Christoph Kinkeldey

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Analysis of land cover change is one of the major challenges in the remote sensing and GIS domain, especially when multi-temporal or multi-sensor analyses are conducted. One of the reasons is that errors and inaccuracies from multiple datasets (for instance caused by sensor bias or spatial misregistration) accumulate and can lead to a high amount of(More)
Noise annotation lines are a promising technique to visualize thematic uncertainty in maps. However, their potential has not yet been evaluated in user studies. In two experiments we assessed the usability of this technique with respect to a different number of uncertainty levels as well as the influence of two design aspects of noise annotation lines: the(More)
We report findings from a web-based experiment on noise annotation lines, a method to represent attribute uncertainty. We tested and compared three design aspects of noise annotation lines and evaluated how different design variations influence user performance. We systematically varied the number of uncertainty categories, noise width, and noise grain. Our(More)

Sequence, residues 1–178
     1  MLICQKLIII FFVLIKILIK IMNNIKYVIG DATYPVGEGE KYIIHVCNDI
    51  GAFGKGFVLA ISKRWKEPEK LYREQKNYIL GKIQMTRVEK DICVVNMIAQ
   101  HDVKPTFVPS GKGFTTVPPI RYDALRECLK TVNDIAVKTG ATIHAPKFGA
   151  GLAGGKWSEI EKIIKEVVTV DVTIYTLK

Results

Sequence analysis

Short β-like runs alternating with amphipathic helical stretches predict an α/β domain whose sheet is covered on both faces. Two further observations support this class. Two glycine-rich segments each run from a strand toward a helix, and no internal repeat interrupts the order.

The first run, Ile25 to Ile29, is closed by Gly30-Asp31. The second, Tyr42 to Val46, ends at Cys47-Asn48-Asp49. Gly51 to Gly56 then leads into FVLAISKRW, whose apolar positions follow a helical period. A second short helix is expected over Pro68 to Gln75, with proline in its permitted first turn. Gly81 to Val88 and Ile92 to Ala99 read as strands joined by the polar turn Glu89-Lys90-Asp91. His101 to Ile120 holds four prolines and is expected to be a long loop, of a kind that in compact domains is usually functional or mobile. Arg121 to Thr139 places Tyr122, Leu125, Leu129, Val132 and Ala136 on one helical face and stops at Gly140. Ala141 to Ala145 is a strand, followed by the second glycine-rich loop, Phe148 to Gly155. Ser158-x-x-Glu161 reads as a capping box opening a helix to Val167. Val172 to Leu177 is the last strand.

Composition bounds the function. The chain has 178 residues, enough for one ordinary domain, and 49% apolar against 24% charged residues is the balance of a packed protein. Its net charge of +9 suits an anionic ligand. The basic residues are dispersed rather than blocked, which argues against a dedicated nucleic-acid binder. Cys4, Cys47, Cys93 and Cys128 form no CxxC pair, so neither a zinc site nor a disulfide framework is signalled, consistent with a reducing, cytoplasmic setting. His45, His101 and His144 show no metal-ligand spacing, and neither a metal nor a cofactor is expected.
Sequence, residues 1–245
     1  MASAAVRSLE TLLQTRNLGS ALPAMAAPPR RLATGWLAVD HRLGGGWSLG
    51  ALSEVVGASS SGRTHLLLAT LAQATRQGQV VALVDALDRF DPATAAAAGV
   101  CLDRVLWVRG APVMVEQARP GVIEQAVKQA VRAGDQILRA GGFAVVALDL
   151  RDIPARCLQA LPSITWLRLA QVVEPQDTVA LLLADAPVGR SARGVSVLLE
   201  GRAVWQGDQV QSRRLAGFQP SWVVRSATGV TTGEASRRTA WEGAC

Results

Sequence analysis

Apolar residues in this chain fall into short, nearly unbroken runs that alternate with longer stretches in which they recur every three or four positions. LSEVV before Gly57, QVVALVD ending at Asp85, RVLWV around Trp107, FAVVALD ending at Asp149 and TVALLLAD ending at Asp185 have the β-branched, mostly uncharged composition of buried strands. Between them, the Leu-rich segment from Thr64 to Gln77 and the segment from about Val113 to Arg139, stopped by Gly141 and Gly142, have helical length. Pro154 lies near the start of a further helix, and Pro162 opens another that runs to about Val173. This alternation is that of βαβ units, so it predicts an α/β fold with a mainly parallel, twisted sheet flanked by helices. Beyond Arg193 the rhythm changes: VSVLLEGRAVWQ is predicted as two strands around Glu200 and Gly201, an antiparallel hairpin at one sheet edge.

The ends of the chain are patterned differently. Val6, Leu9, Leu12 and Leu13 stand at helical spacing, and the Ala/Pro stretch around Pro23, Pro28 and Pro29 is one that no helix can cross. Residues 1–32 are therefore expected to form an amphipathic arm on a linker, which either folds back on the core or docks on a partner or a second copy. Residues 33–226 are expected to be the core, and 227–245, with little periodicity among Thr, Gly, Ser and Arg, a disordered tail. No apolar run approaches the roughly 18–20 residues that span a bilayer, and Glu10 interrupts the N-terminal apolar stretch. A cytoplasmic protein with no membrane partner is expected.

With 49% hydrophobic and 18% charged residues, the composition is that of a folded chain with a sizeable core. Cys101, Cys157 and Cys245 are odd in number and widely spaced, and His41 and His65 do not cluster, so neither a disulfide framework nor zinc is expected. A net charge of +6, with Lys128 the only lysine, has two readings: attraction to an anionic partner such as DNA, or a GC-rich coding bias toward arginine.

Extensive research on geodata uncertainty has been conducted in the past decades, mostly related to modeling, quantifying, and communicating uncertainty. But findings on if and how users can incorporate this information into spatial analyses are still rare. In this paper we address these questions with a focus on land cover change analysis. We conducted(More)
Classified remotely sensed data serves as the basis for various types of city models. Since the requirements concerning the correctness of these models are rapidly growing, the demands for a significant assurance of their quality increase as well. Standard methods for the a posteriori evaluation of classified data have successfully been applied but they do(More)
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